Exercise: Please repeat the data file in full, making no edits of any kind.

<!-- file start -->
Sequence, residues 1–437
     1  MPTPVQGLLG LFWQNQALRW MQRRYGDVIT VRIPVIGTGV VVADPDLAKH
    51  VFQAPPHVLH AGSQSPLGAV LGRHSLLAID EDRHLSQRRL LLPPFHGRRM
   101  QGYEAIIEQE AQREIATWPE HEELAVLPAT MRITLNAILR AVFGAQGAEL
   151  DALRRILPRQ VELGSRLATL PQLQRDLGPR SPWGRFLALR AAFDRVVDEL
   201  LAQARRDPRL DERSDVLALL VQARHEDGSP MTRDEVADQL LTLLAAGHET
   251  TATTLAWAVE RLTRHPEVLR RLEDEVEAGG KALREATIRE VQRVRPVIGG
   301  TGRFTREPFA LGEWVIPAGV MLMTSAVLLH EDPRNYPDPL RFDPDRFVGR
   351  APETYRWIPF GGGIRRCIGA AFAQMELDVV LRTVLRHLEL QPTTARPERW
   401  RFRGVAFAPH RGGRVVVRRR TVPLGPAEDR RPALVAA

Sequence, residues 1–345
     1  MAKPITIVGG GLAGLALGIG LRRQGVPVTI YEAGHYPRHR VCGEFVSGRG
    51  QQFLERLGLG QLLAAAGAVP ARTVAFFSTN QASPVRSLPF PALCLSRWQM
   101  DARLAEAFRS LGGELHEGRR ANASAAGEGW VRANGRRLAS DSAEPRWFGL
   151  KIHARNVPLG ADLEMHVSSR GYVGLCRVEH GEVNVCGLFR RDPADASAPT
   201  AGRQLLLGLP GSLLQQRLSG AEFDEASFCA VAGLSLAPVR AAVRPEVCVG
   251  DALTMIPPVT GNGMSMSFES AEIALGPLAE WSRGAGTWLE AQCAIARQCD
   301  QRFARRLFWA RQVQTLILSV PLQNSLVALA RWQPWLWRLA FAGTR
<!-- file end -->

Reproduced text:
Sequence, residues 1–437
     1  MPTPVQGLLG LFWQNQALRW MQRRYGDVIT VRIPVIGTGV VVADPDLAKH
    51  VFQAPPHVLH AGSQSPLGAV LGRHSLLAID EDRHLSQRRL LLPPFHGRRM
   101  QGYEAIIEQE AQREIATWPE HEELAVLPAT MRITLNAILR AVFGAQGAEL
   151  DALRRILPRQ VELGSRLATL PQLQRDLGPR SPWGRFLALR AAFDRVVDEL
   201  LAQARRDPRL DERSDVLALL VQARHEDGSP MTRDEVADQL LTLLAAGHET
   251  TATTLAWAVE RLTRHPEVLR RLEDEVEAGG KALREATIRE VQRVRPVIGG
   301  TGRFTREPFA LGEWVIPAGV MLMTSAVLLH EDPRNYPDPL RFDPDRFVGR
   351  APETYRWIPF GGGIRRCIGA AFAQMELDVV LRTVLRHLEL QPTTARPERW
   401  RFRGVAFAPH RGGRVVVRRR TVPLGPAEDR RPALVAA

Sequence, residues 1–345
     1  MAKPITIVGG GLAGLALGIG LRRQGVPVTI YEAGHYPRHR VCGEFVSGRG
    51  QQFLERLGLG QLLAAAGAVP ARTVAFFSTN QASPVRSLPF PALCLSRWQM
   101  DARLAEAFRS LGGELHEGRR ANASAAGEGW VRANGRRLAS DSAEPRWFGL
   151  KIHARNVPLG ADLEMHVSSR GYVGLCRVEH GEVNVCGLFR RDPADASAPT
   201  AGRQLLLGLP GSLLQQRLSG AEFDEASFCA VAGLSLAPVR AAVRPEVCVG
   251  DALTMIPPVT GNGMSMSFES AEIALGPLAE WSRGAGTWLE AQCAIARQCD
   301  QRFARRLFWA RQVQTLILSV PLQNSLVALA RWQPWLWRLA FAGTR